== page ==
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Cleared for takeoff: Ford to auction fighter jet-inspired Mustang at EAA Airventure

The automotive world is no stranger to custom Mustangs. Between the Saleen S302, Need For Speed widebody, and the monstrous, 1200-horsepower Shelby, the iconic muscle car is clearly comfortable wearing different clothes.

The latest bespoke Mustang is inspired by the F-35 Lightening II aircraft, according to Mustangs Daily. It features a blue and yellow-accented titanium paint job, a carbon fiber front splitter, V8 power and Recaro racing seats.

The F-35 is a stealth-capable multi-role fighter that has vertical landing capability. It’s powered by a Pratt & Whitney turbofan that can hit Mach 1.6 (over 1200 mph), and features an internally-mounted 25mm GAU-12 Equalizer cannon.

Makes sense, right?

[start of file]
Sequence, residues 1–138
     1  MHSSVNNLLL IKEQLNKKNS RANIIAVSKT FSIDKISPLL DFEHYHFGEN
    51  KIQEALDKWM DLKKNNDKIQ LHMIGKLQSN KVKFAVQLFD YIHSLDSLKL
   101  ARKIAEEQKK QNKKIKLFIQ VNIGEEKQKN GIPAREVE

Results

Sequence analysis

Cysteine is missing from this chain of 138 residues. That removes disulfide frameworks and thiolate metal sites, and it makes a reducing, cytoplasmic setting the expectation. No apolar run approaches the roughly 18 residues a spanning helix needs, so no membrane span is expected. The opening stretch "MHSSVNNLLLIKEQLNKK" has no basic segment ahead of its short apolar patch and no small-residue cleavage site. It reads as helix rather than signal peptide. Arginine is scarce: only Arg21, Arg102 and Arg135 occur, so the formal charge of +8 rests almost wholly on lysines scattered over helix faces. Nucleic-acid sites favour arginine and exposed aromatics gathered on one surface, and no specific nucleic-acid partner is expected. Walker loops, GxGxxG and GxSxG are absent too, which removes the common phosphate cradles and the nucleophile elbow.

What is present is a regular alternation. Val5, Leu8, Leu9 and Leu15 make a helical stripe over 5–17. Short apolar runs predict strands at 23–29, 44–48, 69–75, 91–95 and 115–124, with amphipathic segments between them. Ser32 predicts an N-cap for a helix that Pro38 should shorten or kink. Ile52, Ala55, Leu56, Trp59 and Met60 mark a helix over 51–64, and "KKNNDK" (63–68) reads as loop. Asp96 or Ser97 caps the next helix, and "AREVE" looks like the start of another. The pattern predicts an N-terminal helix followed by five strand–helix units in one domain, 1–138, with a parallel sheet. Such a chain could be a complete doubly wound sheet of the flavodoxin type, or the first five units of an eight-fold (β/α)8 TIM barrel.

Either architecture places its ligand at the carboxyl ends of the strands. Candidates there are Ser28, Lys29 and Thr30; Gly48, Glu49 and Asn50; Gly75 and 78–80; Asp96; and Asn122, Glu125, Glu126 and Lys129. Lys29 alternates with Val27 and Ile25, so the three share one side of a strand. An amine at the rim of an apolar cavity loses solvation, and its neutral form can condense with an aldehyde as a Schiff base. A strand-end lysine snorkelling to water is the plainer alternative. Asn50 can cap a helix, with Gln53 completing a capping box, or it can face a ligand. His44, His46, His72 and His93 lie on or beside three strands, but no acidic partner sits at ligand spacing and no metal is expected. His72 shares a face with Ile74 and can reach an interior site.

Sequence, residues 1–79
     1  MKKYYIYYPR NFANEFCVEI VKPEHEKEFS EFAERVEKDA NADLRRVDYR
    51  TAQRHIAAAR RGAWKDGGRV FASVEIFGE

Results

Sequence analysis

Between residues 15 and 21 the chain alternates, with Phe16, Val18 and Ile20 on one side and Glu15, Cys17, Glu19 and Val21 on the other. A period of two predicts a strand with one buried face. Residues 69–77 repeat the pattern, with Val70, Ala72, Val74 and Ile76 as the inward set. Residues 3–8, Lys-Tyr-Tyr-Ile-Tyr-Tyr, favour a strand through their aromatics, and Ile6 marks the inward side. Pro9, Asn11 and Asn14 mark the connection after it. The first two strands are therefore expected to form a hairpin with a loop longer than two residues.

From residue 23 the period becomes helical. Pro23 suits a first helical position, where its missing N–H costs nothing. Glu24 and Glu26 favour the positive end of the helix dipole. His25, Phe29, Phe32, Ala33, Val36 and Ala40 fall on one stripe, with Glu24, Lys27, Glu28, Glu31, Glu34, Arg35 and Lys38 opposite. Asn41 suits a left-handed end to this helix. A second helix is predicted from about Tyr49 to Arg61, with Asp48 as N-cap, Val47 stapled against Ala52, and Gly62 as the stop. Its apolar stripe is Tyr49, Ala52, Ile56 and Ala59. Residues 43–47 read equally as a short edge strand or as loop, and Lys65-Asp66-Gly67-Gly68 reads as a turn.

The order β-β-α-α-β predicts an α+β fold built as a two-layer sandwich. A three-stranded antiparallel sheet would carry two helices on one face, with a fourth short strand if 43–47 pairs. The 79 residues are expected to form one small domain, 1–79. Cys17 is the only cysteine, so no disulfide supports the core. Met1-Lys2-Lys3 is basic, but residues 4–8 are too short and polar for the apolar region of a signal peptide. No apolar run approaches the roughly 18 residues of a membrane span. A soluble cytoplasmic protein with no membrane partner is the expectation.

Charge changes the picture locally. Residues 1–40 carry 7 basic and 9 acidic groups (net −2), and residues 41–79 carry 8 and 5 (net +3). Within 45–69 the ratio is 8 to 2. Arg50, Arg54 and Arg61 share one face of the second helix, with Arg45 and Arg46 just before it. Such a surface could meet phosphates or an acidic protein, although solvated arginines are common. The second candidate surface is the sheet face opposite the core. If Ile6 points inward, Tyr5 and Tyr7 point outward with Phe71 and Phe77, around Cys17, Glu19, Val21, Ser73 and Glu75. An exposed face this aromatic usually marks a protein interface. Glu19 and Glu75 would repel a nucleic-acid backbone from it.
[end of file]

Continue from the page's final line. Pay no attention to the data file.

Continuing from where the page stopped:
In reality, the fighter jet-inspired ‘Stang will be built for auction at EAA Airventure, an aviation festival happening July 28th to August 3rd in Oshkosh, Wisconsin.

Ford has auctioned off several custom Mustangs at the event, all aeronautically-themed of course.

Most recently was the SR-71-themed pony car, which pays homage to the world’s fastest plane with a Whipple supercharger, integrated roll cage, and sleek exterior. It was auctioned in 2010 for $375,000.

Last year was the USAF Thunderbirds Mustang, sporting a red and white color scheme, trick wheels and a glass roof. The Thunderbird’s Navy equivalent, the Blue Angels, had their own blue and yellow painted Mustang auctioned in 2011, and it was fitted with all of Ford Racing’s performance goodies: a supercharger kit, Brembo brakes, and custom aerodynamics.

One of the most memorable special editions to appear at EAA was the Red Tails 2013 Mustang, which honored the Tuskegee Airmen of WWII. The 332nd Fighter Group was made up of solely African American pilots, and they put up one of the most impressive combat records of the European theater.

Their plane of choice? The P-51 Mustang.

Proceeds of the auction go to the EAA Young Eagles program, a nonprofit that provides free flights to young people in hopes of creating a new generation of aviators. The Young Eagles program has flown, educated, and trained over 1.8 million youths since 1992.

(Photos via Mustangs Daily)

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